Decide Your Destiny #3: Tethan Battle Adventure
by Sue Behrent
Published by Grosset & Dunlap
Adrick's Rating: 2 out of 4
Have you ever wanted to travel from the tangled jungles of Teth to the desert lands of Tatooine? Well, here’s your chance! Discover the secrets of the B’Omarr monastery, dodge blaster fire, and come face-to-face with Asajj Ventress! This book can be enjoyed on its own with over twenty-five paths to choose from, or follow links in the book for special online content created especially for this story.
All right, so it’s next to impossible for me to dislike Tethan Battle Adventure. To start with, it’s difficult for me to be objective about this book. After the two previous volumes, I was already a huge fan of the Decide Your Destiny format. This installment brings in the obscure character of Janu Godalhi (whose backstory I helped shape by participating in the now-defunct What’s the Story feature on Star War’s website’s membership based Hyperspace section) and shows him to be investigating the early construction of what will become the Death Star (the history of which is a particular interest of mine.)
So, I’m not going to lie, getting this book was like Life Day come early. And that’s only half of the references to Expanded Universe minutiae that can be found within the pages of Tethan Battle Adventure. One of the few known relatives of Lando Calrissian is here, for example, and there’s a very clever tie-in to the Boba Fett books, a young adult series that ran under the first wave of Clone Wars material. For fans of the more obscure side of the EU and the of the Decide Your Destiny series in general, Tethan Battle Adventure is definitely worth picking up.
The series continues to surprise me, and I remain excited about each new adventure. (Although it seems unfair that the UK gets these books so much earlier than the US.)
Much as I hate to admit it, this book doesn’t really live up to the standards set by the first two Decide Your Destiny titles. It’s beginning to fall prey to some of the major pitfalls of the genre. It sticks a little too close to the Clone Wars film for comfort— for example, at one point the player character can participate in the duel between Ventress and Kenobi. This reminds me a little too much of the last attempt at a Choose-Your-Own-Adventure type series for Star Wars. That series featured a random “childhood friend” of Luke Skywalker’s, who followed him throughout the original trilogy. Kind of hard to fit that into continuity.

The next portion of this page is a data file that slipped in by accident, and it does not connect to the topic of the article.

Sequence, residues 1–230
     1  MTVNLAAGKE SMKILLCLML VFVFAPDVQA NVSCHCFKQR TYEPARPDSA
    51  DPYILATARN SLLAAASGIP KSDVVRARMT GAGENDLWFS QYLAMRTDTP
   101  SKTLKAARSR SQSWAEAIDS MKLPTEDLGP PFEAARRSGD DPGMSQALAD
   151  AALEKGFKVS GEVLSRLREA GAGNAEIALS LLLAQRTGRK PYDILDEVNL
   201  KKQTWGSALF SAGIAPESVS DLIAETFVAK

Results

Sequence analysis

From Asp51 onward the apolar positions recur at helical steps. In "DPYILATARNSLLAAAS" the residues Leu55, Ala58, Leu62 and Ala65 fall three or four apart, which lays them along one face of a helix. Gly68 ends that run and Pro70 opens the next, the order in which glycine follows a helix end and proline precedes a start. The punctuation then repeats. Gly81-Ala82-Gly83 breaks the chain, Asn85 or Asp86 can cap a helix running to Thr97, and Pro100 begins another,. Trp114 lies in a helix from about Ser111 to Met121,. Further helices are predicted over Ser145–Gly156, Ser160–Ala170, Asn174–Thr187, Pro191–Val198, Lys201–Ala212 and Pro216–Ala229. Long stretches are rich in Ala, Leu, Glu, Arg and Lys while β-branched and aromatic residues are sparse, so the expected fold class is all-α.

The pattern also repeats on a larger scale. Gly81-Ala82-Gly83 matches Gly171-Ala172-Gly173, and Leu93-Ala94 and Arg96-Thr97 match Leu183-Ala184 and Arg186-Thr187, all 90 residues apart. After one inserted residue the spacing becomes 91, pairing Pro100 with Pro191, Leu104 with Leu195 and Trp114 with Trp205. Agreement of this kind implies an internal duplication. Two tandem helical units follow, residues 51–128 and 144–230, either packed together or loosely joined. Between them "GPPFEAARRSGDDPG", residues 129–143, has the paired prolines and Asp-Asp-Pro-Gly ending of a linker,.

And whereas the two previous adventures had the reader playing as a Jedi padawan or a clone trooper—people one would expect to be involved in the thick of the Clone Wars action—Tethan Battle Adventure has instead a random Tethan youngling as its playable character. This isn’t bad for exploring the intrigues of metropolitan Teth, but it makes other paths, such as being invited to join the Jedi Order, seem extremely unlikely.
But the biggest flaw in Tethan Battle adventure is the game itself. Way of the Jedi and The Lost Legion set the bar pretty high by offering choices that one could navigate by using clues from the story or making moral and logistic decisions. Tethan Battle Adventure, by comparison, is almost entirely random. While there’s nothing as egregious as, say, cannon packing Yeti, the bad endings seem undeserved and the good endings unearned.
Finally, I should mention the additional content available for the book on the Star Wars website…as far as I can tell, it doesn’t really add much to the adventure. It’s hidden fairly well, but following the paths given in the book without the website will lead to almost exactly the same outcomes. It might be amusing for kids, giving an added sense of scope to the adventure, but I didn’t get anything out of it.
This book brings new meaning to that well-known Star Wars song title “What Can You Get a Wookiee For Christmas (When He Already Owns a Comb?)”